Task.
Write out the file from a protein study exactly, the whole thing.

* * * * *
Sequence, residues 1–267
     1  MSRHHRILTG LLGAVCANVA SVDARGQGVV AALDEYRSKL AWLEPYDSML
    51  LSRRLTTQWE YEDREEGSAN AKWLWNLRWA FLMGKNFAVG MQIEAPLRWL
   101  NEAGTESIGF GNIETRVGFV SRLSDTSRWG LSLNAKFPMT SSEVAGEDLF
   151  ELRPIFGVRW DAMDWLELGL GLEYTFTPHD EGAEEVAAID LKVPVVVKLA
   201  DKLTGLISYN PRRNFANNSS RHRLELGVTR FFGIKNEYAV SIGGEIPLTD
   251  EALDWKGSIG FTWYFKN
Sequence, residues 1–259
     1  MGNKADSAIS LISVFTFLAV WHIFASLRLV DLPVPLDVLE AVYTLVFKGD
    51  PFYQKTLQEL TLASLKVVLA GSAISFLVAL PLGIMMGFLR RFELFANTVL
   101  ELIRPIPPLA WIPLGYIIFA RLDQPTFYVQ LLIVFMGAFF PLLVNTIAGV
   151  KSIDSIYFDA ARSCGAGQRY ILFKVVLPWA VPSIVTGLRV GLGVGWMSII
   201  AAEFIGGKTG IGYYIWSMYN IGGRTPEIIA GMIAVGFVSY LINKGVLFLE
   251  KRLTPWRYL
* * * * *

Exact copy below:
Sequence, residues 1–267
     1  MSRHHRILTG LLGAVCANVA SVDARGQGVV AALDEYRSKL AWLEPYDSML
    51  LSRRLTTQWE YEDREEGSAN AKWLWNLRWA FLMGKNFAVG MQIEAPLRWL
   101  NEAGTESIGF GNIETRVGFV SRLSDTSRWG LSLNAKFPMT SSEVAGEDLF
   151  ELRPIFGVRW DAMDWLELGL GLEYTFTPHD EGAEEVAAID LKVPVVVKLA
   201  DKLTGLISYN PRRNFANNSS RHRLELGVTR FFGIKNEYAV SIGGEIPLTD
   251  EALDWKGSIG FTWYFKN
Sequence, residues 1–259
     1  MGNKADSAIS LISVFTFLAV WHIFASLRLV DLPVPLDVLE AVYTLVFKGD
    51  PFYQKTLQEL TLASLKVVLA GSAISFLVAL PLGIMMGFLR RFELFANTVL
   101  ELIRPIPPLA WIPLGYIIFA RLDQPTFYVQ LLIVFMGAFF PLLVNTIAGV
   151  KSIDSIYFDA ARSCGAGQRY ILFKVVLPWA VPSIVTGLRV GLGVGWMSII
   201  AAEFIGGKTG IGYYIWSMYN IGGRTPEIIA GMIAVGFVSY LINKGVLFLE
   251  KRLTPWRYL